“If that’s to make it sound difficult and bleak, well, it is – but it’s also very funny” – Torpor by Chris Krauss

tckInitially published in 2006 by Semiotext(e), Torpor’s just hit the UK shelves following the massive success – well, massive in the cult/feminist/art-world corner of the literary fiction section of your local indie/academic bookstore – of Kraus’s earlier, also reissued, book, I Love Dick. Like its predecessor(s) – because she’s written plenty of other books, though they haven’t yet been launched on the UK mass market – Torpor is a genre-bending extravaganza, bludgeoning through the boundaries of memoir, theory, political analysis, art(-world) criticism and fiction, as it follows the misadventures of what must surely be one of literature’s worst couples, Sylvie and Jerome, as they set about saving their relationship by trying to adopt a Romanian orphan.

If you’ve read I Love Dick (and having bought it just to be seen with it on the bus or at your in-laws’ house doesn’t count: sorry), you’ll already be familiar with Kraus’s style; if not, prepare to be left reeling by how she juxtaposes biting take-downs of real-life cultural figures (watch out, Félix Guattari) with painfully funny scenes from a marriage characterised by sentimentality and bickering, and scathing dissections of the misogyny of the NYC art world. In Torpor, most of this is transposed onto a European background: Jerome, a Jewish academic whose father died in the camps, is now rootless, surrounding himself with artists and academics more successful than himself who use him to further their own careers; he outsources his actual work (papers, editing) to Sylvie, his much younger and much less famous wife, who refers to him late in the book as ‘French theory’s wandering pimp’; and he is gleeful in his hatred for almost everybody he works and socialises with, whom he sees as ignorant of ‘History’, as stand-ins for the Nazis, as anti-Semitic by descent or nationality. The trauma of the Holocaust, and the transmission of trauma on an intergenerational scale, is the backdrop to the book and to Jerome’s life; it becomes, too, the backdrop to Sylvie’s life, who increasingly sees herself as having sacrificed her youth – and her various aborted pregnancies – to a man who will never, either by chance or by design, be happy. Their 1991 roadtrip from Berlin to Arad forms the spine of the novel; while their hunt for a baby is a mirage – a lie that they’re embarrassed to speak to others, and that ultimately helps along the collapse of their marriage – the journey itself allows both Sylvie and Jerome to confront the effect of his past on their present, and it allows Kraus to hold a mirror to the vacuity of the Western art-world in the context of the collapse of the East and the fading away of the History that Jerome has fetishised.

If that’s to make it sound difficult and bleak, well, it is – and, more: you’ll be weeding out who’s real from who’s fictional with every new character – but it’s also very funny. Sylvie isn’t the victim and Jerome the villain: Kraus switches between each of their points-of-view to skewer the self-centeredness of each, and while Jerome is, by any standard, a dreadful husband, he’s also pinioned by his past and by the deaths of his father and his extended family: Torpor is a really sensitive treatment of inherited trauma and survivor’s guilt. Sylvie, too, is both tragic (an ‘Ugly Girl’ in a world that’s sensitive to the plights of the ‘Pretty Girls’) and unsympathetic: her anxious baby-talk, her subsuming of her own interests into anything that will please Jerome, and her failure to actually leave him until years after the ill-fated Romanian mission, work in tandem with the acuity of her criticisms of the contemporary art scene to give us a character that’s brilliantly complex.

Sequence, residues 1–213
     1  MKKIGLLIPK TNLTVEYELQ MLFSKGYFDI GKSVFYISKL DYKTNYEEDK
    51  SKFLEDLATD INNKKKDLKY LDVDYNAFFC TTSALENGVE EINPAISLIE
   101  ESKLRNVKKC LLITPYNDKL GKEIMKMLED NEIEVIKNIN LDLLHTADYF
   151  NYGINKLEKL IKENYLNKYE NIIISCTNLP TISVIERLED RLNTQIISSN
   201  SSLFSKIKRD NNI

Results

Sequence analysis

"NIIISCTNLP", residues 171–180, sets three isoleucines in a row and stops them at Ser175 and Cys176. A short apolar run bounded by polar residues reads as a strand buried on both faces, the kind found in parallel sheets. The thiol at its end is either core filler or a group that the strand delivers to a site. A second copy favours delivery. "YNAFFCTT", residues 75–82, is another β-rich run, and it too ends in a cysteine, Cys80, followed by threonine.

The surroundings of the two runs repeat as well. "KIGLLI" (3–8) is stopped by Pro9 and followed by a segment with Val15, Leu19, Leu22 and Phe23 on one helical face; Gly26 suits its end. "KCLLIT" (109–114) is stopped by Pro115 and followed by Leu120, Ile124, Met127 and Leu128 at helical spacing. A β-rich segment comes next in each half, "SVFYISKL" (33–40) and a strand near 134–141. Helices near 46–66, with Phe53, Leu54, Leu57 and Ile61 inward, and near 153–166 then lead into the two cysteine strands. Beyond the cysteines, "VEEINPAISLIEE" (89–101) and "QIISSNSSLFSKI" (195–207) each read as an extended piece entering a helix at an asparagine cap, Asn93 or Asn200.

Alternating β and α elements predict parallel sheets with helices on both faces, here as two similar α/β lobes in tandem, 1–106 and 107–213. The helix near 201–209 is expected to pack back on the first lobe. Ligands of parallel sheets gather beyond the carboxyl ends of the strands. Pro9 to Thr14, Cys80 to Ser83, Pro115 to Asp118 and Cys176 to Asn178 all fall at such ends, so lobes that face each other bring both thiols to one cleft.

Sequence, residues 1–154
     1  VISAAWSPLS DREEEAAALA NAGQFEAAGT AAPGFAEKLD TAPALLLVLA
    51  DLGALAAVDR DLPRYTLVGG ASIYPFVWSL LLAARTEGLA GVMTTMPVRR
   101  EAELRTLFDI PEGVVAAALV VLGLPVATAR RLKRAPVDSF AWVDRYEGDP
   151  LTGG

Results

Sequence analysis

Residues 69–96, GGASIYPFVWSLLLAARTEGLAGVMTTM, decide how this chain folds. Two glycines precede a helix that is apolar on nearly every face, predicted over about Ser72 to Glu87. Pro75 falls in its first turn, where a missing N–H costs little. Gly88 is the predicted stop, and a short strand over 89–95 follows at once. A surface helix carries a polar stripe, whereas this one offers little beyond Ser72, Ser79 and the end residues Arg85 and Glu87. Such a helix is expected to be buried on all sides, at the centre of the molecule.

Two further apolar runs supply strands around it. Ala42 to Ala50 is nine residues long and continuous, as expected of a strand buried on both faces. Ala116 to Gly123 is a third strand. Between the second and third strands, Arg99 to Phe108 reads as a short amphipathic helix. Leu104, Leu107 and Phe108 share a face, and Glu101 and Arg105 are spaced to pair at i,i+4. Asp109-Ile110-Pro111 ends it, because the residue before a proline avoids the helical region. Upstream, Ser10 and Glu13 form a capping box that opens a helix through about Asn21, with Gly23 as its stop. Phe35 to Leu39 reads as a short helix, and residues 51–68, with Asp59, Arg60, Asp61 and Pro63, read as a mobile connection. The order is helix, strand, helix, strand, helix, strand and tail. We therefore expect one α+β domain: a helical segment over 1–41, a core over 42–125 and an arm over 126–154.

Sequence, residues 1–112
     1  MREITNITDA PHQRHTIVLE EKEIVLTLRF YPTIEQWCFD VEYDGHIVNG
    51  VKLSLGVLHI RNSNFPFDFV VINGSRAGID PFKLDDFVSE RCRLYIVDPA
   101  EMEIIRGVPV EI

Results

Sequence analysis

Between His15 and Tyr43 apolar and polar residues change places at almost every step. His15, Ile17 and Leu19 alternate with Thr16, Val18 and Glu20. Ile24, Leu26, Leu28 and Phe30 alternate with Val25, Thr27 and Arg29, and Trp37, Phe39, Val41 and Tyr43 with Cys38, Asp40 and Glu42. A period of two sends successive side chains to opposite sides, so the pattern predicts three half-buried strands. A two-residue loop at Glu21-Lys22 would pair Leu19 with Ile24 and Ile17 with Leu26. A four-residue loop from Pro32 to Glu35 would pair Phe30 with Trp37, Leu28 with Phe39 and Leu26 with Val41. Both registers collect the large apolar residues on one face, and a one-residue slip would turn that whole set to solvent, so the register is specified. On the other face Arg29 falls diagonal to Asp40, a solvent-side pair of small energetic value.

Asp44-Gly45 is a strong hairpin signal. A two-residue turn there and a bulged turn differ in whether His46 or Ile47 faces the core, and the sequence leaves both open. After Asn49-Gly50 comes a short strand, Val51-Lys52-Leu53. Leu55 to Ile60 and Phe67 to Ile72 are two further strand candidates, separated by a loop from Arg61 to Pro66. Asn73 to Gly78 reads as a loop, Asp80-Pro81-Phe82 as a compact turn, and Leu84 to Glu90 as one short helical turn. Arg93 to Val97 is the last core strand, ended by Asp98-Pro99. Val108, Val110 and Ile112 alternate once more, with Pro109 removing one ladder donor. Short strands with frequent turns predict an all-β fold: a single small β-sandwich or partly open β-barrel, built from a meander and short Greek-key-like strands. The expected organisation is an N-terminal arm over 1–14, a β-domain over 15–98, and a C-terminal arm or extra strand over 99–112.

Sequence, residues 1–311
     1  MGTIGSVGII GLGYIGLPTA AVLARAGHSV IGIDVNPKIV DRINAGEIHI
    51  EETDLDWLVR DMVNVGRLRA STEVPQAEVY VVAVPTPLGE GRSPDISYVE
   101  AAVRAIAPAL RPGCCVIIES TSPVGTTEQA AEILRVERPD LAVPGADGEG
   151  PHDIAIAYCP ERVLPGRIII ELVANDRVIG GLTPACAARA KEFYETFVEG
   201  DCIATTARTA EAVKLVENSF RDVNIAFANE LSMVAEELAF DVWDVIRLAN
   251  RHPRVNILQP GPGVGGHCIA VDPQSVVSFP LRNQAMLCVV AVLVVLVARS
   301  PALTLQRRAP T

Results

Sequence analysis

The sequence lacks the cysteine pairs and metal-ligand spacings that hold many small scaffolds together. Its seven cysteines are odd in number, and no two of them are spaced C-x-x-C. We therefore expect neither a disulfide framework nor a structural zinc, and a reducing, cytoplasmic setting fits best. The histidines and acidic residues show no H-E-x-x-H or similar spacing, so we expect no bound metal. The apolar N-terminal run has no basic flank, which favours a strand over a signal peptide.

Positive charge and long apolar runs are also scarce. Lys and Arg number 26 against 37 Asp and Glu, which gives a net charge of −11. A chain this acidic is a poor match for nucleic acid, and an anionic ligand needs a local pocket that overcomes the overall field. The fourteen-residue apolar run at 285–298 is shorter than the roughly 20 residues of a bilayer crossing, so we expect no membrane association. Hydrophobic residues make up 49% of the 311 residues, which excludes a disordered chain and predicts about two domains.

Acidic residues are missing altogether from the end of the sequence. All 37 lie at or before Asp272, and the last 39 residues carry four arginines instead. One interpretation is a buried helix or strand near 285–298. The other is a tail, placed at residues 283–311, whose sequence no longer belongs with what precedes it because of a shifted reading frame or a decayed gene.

I can’t leave out the feminism, of course, though Kraus (and Sylvie) is quick to point out the failings of much that’s called feminism in literature and theory: in Aliens and Anorexia, she remarks on the apparently ‘unshakeable belief’ of some that ‘the formation of a gender-based identity is still the primary animating goal in the becoming of a person, if that person is a girl’. In Torpor, it’s the male-ness of the art world, and its dismissal of female bodily autonomy, that comes under fire: in Berlin, Jerome, who rarely reads and ‘avoids the poets’, is tasked with coming up with a list of ‘who was hot within the American literary counterculture’, and Sylvie, who’s embedded in that particular scene, listens as ‘three men reel off the names of other men. All white. [She] finds the reality of this unbearable’. Finally, she interjects to talk about poetry and ‘female lived experience’, and the men gape at her until Jerome cuts her off, ‘thoroughly embarrassed’. Sylvie’s furious, but not surprised: ‘she’s been around this world for 15 years and knows that there are never any women on the list’, and that ‘sex [is] still the only passport to success if you were straight and female’. It’s a roaring, still relevant diatribe (hello, male editors of The Zoo of the New!). And as for the female body: Sylvie gets pregnant three times with Jerome, and each time, while making assurances that they’ll eventually have children, he encourages her to abort. ‘He sees her girlish urge for nesting as a further proof of Sylvie’s flightiness, her total lack of seriousness’, and each time ‘insists that motherhood would mean she’s ‘given up’ on her ‘career’’. Ouch, eh?

Any Cop?: Fascinating, hilarious, and infuriating. All the thumbs up.


Valerie O’Riordan


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